To uncover more detail, you need to dive into the fine print of Justice Woolford’s 18-page, 62-point decision. At question is a meeting between Freeth and Matakana Country Park owner Brendan Coghlan in November, 2020. There, Freeth claims he was given a site plan “without showing the extent of the 3,850 square metre area and its proximity to the boundary”.
Freeth thought Coghlan was setting up a park in the style of “a children’s playground at a primary school” with equipment connected by pathways. Based on that plan, he signed an approval of affected persons form, which was included in the park’s resource consent application. The council granted consent without public notification.
Once the park was open, Freeth objected. He claims he was “quite simply astounded” at the size and scale of it. His High Court complaint says he didn’t know entry fees would be charged, that the structures would be so big, and that so much noise would be generated from the park. Coghlan rejects this, saying they had a “long discussion” about the park’s noise. They also talked about “the sound of children having fun”.
The noise is a sticking point. Freeth doesn’t live on his neighbouring property, but his adult son does. Freeth complained that the noise from park visitors and air compressors impacted his son, who suffers from a “traumatic brain injury and … is badly affected by the constant noise from the adventure playground”.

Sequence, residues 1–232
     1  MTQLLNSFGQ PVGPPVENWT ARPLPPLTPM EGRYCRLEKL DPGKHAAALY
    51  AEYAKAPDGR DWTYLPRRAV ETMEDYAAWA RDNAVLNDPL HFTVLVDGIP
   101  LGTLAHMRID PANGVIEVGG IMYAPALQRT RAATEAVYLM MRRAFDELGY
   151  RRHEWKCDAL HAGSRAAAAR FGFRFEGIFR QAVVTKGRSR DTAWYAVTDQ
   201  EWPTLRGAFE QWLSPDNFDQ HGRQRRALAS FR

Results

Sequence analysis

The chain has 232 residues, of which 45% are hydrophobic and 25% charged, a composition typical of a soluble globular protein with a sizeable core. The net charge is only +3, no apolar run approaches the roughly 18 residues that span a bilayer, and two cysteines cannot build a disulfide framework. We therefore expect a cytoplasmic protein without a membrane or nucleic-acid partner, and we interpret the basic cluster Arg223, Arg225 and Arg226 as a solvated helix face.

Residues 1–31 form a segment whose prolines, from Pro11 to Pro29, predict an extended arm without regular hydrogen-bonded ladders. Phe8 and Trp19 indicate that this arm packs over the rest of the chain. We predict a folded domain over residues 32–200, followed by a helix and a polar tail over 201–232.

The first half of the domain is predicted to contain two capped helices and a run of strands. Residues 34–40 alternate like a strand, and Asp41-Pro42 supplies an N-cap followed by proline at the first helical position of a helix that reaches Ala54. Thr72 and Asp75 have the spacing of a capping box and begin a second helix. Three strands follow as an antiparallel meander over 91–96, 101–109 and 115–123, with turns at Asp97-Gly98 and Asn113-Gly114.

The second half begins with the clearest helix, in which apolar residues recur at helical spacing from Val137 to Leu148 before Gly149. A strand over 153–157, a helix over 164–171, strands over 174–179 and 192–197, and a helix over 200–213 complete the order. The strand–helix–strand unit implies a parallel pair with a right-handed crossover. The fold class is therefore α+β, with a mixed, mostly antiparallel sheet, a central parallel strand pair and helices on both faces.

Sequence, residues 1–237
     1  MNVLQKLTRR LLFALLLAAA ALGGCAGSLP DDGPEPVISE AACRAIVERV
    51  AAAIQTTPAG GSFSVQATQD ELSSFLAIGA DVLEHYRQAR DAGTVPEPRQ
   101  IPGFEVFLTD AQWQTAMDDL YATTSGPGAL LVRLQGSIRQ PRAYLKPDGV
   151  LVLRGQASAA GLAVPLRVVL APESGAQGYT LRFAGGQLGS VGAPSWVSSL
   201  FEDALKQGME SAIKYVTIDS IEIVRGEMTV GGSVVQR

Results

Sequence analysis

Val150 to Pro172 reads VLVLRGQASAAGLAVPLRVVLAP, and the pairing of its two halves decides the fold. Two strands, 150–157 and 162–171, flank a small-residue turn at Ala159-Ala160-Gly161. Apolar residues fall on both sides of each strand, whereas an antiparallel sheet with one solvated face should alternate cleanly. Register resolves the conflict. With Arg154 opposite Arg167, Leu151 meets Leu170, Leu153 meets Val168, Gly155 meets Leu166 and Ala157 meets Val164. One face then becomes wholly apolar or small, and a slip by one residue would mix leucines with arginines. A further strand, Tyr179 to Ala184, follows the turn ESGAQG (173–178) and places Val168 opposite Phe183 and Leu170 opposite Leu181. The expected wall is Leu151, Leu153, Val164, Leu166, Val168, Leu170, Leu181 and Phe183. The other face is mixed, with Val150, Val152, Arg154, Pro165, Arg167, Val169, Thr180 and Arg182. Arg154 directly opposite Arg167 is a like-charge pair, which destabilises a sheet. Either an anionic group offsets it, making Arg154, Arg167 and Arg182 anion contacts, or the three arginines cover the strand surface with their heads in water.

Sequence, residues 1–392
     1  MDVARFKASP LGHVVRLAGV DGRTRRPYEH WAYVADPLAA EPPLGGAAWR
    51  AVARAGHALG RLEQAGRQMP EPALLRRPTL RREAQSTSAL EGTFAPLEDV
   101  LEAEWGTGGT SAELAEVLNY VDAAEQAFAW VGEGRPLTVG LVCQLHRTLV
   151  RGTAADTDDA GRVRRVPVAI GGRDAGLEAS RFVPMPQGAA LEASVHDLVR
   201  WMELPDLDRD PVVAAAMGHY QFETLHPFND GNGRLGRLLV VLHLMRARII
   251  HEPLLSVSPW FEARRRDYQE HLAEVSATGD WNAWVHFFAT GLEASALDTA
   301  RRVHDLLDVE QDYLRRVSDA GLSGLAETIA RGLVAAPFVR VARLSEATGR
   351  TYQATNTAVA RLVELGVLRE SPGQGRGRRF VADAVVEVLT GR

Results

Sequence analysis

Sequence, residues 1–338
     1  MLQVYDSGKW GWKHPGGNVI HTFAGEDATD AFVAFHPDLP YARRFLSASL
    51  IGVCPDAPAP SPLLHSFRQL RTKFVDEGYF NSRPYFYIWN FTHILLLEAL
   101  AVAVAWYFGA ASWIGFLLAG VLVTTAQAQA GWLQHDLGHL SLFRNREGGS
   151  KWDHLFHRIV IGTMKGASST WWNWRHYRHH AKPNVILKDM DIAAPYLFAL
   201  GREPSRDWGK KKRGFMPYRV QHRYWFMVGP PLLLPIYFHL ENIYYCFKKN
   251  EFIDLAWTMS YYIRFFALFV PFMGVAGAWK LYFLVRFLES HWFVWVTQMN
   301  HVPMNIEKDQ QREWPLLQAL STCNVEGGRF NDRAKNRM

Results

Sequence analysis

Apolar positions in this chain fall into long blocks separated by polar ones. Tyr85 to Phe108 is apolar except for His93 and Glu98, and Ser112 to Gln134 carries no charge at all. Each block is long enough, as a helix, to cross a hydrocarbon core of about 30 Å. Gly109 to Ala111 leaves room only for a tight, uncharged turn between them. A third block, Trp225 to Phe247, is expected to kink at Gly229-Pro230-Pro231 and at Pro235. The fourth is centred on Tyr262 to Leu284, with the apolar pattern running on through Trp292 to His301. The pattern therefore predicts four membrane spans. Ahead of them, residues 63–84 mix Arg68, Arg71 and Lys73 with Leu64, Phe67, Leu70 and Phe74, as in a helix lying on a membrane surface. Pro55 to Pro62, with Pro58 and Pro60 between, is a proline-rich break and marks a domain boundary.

In his decision, Justice Woolford ordered Auckland Council to restart the resource consent process. He blamed the council for granting consent without fully considering the impact on Freeth’s property. “In the circumstances, I am of the view that Council failed to properly consider whether or not Mr Freeth had consented to the application as lodged,” he wrote. “That is an error of law.”
A new resource consent application has been “accepted for processing and is currently under assessment,” says Auckland Council.
Is it a case of neighbours at war? Of one person halting the fun of thousands of kids because, as Coghlan claims, it does not “now suit him?” Without talking to them, it’s hard to know. Freeth couldn’t be contacted for comment, and Coghlan turned down an interview request, saying he’d agree to an interview once the park was back in business.
His daughter, Action Ninja World’s marketing manager Annalise Coghlan, answered several questions via email. She told The Spinoff the park’s noisiest obstacles had been moved as far away as possible from the neighbouring property’s boundary. As well, noise cancelling fences had been installed to limit the sound coming from the park and affecting Freeth’s property, and his son. The park remains closed as “Auckland Council is having big delays with processing,” she wrote.
For the thousands of kids, and many adults, wanting to return to the park, it is a waiting game. In the meantime, fans post forlorn messages on Action Ninja World’s Facebook page. “Any updates to when you will be opening please?” said one recently. Sick of my kids pestering me for another visit, desperate for some news to tell them, I asked Annalise the same question. She replied: “Hopefully soon!”